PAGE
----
The Fisher King, Blu-ray (1991/2015)

The Fisher King, Blu-ray (1991/2015)

Director: Terry Gilliam
Cast: Jeff Bridges, Robin Williams, Amanda Plummer, Mercedes Ruehl
Screenwriter: Richard La Gravenese
Studio: Tri Star/ The Criterion Collection 764 (6/23/15)
Video: 1.78 for 16:9 1080p HD color
Audio: English DS-HS MA 5.3. PCM stereo
Subtitles: English
Extras: Commentary track by Terry Gilliam; New interviews with Gilliam, producer Lynda Obst, screenwriter La Gravenese, actors Bridges, Plummer & Ruehl; New interview with artists Keith Greco and Vincent Jeferds on creation of The Red Knight; 2006 Robin Williams interview; New video on Jeff Bridge’s WideLux B&W photos on shoot; Deleted scenes with Gilliam commentary; Costume tests; Trailers; Printed poster with essay by critic Bilge Ebiri
Length: 138 min.
Review: *****

Glliam wanted to do a smaller picture without a lot of special effects after a sort of diasaster on Baron Munchausen. This film was the first time he used another screenwriter, which he had said he wouldn’t do, because he was so taken with Gravenese’s script. Set in the glorious places as well as underbelly of Manhattan, the plot is a sort of fairytale grounded in reality. Bridges is a self-obsessed “shock jock” on radio who is faced with reconstructing his life after a terrible scandal. He meets the homeless crazy man played by Williams, who is a Don Quixote-type on a quest to get the Holy Grail, which he believes a wealthy Manhattan person has.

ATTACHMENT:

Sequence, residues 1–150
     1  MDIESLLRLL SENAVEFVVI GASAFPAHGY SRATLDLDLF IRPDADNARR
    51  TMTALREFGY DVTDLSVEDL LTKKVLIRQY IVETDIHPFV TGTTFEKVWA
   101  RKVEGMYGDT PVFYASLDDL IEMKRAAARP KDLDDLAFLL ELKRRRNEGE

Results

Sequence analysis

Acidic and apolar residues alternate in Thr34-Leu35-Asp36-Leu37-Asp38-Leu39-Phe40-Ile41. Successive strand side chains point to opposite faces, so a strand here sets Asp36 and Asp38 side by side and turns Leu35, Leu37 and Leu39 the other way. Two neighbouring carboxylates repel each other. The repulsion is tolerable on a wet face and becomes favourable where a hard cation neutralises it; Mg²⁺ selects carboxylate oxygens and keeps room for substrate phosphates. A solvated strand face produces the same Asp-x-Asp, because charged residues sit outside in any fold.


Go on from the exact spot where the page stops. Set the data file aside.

The two odd figures sort of aid one another on an odd journey to redemption. The former DJ Jack finally does a humane helpful thing in getting the mentally disturbed Parry character together with the woman of his dreams, Lydia (Plummer). (At one point he sings to her the Groucho Marx song about “Lydia the Tatooed Lady.”) The ancient tale of the Fisher King is central to the plot, though it is never explained how the Fisher part comes into it when Parry explains the story.

This is a fantastic job of directing, and quite different from all other Gilliam features. Although it has a happy ending (unlike Brazil) there is plenty of Gilliam’s special touch on the dark side. All four of the lead actors do a terrific job, and the extras are most interesting – especially the Robin Williams one and the one on the many struggles to create the Red Knight effect back before movies had the ability to do most anything via CGI.

—John Sunier

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